“Not even when the report [The Commission on Freedom of Expression, 1996-’99] refers to the various ‘others’ of Norwegian state and/or society do we get anything reminiscent of a philosophical reflection on the limits of reason in combating various forms of racism and xenophobia when they are expressed in and through the public sphere — nor do we hear of the society power differentials which at any time define what are considered permissible and non-permissible forms of speech.” p204

I’m doubtful that it’s all that meaningful for me to condemn today’s killings, but sure, I’ll say that the murder of these workers is horrible and we can have no idea of the number of lives it has brought to despair. But I have no solidarity or sympathy to offer to Charlie Hebdo, the magazine itself. Its purpose is not to encourage healthy debate or expand freedom of speech to those minorities who feel least able to speak: they encourage media saturation of the speech of a section of the majority who fear and distrust minorities. There can be no debate or ‘counter-speech’ to Charlie Hebdo’s headlines because they are designed to intimidate and belittle minorities and workers. Words are actions and have consequences, and the consequence here is increased marginalisation which, along with French imperialist adventures, could well be the motive behind these  For examples of undeniably racist depictions on magazine covers, see here and here. ‘Criticism of religion’ my arse.

Cartoons depicting Jews as being conniving, having too much power, or all looking a certain way, are also attempts at humour but they are still examples of racist hate speech, and anyone using the lazy excuse of “It’s satirical!” to defend anti-Semitic cartoons has some more work to do. (And Charlie Hedbo is no stranger to racist depictions of Jewish people!) Revolutionary groups must reassess rather than regurgitate the ruling class’s talking points on freedom of expression, and consider how their response will be viewed by vilified and marginalised people. (But I’m sure the NPA will have fun marching alongside the Front National). None of this is to say that struggles for expression within the current system don’t matter, or to discount the freedoms of press we have which were won by workers. The Israeli criminalisation of commemorating the Nakba, Russian and Lithuanian laws against ‘gay propaganda’, and the French ban on Palestine solidarity demonstrations are examples of censorship still to be overcome.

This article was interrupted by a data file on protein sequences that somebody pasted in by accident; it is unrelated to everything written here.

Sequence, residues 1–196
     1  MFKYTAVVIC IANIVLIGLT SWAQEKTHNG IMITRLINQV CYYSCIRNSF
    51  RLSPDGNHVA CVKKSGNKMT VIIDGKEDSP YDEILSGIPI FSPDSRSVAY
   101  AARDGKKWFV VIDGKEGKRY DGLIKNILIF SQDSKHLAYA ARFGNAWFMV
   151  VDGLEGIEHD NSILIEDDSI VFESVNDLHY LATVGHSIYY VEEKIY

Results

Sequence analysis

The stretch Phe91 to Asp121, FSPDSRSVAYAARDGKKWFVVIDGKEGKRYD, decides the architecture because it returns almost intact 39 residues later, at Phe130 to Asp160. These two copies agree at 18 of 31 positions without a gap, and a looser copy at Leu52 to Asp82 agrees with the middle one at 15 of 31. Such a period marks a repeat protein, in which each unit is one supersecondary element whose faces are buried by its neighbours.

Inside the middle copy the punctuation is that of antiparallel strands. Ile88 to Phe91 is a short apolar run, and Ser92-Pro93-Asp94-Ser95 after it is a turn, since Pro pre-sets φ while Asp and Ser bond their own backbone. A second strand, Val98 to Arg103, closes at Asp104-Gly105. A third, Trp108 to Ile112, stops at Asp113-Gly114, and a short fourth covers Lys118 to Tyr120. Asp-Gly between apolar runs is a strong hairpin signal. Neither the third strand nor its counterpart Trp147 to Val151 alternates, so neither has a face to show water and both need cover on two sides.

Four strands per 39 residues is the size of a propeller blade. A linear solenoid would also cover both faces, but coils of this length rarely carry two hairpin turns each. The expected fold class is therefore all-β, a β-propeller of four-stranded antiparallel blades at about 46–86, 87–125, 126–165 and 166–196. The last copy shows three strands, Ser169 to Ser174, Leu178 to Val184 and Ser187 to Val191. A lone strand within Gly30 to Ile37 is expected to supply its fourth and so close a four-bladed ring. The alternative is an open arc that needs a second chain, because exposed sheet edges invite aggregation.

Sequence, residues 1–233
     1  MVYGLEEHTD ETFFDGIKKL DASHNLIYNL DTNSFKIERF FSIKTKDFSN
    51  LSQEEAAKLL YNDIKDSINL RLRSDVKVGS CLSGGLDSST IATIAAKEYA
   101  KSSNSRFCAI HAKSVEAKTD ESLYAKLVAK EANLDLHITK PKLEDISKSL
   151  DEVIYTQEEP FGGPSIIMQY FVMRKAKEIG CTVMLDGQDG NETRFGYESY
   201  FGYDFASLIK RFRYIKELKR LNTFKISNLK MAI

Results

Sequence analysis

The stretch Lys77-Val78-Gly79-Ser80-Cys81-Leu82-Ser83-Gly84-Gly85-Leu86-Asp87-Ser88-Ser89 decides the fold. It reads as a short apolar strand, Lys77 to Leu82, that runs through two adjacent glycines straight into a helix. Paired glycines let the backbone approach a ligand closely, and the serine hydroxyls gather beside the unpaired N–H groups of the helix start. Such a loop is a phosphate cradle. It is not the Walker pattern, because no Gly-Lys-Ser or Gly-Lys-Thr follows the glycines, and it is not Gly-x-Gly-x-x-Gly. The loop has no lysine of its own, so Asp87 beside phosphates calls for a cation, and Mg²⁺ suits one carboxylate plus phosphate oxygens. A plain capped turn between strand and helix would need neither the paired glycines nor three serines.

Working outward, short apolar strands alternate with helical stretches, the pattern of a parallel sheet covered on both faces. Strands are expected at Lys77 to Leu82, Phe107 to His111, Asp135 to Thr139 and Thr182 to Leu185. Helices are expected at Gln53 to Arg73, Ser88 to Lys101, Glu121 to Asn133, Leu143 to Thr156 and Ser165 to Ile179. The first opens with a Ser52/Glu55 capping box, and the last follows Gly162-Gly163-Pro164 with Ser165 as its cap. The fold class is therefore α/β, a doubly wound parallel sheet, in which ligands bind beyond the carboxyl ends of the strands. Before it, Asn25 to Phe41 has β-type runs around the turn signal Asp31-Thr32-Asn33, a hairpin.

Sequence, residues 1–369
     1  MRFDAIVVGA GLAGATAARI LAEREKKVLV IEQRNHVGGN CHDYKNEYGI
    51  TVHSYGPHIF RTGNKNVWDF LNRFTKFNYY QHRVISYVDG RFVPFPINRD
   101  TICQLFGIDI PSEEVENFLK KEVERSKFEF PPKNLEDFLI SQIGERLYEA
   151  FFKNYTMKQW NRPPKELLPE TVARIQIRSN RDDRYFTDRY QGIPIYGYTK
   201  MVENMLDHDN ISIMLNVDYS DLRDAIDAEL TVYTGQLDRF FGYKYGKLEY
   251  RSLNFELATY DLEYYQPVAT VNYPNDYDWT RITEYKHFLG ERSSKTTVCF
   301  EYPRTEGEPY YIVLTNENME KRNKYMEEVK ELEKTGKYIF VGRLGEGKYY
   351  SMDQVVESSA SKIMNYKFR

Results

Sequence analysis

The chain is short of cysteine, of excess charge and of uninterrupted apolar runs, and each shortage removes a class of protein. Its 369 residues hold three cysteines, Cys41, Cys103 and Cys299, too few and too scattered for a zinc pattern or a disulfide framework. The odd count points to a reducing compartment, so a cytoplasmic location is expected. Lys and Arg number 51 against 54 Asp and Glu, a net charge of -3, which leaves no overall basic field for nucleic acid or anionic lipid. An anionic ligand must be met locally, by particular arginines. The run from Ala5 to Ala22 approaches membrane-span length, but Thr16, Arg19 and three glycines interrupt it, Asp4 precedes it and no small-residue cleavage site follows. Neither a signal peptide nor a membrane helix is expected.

Throughout Sindre Bangstad’s book, whenever he talks about solutions and how conceptions of freedom of speech should go beyond ‘absolutism’, he only advocates working within a liberal democracy. Revolutionary socialists have the same love as Bangstad for liberalism and parliamentary democracy. The freedom for oppressed people to speak their mind and have their views and grievances heard will always be extremely restricted in capitalist society, and while hate speech laws may help, they cannot entirely address this imbalance. When inequality in terms of wealth and power is very sharply divided along racial lines, it’s to be expected that the dominant voices and opinions are too. The last quote I’ve given acknowledges this, and it seems surprising that someone with such an awareness and in-depth knowledge of racism and how public opinions are formed cannot conceive of a better world than a capitalist one.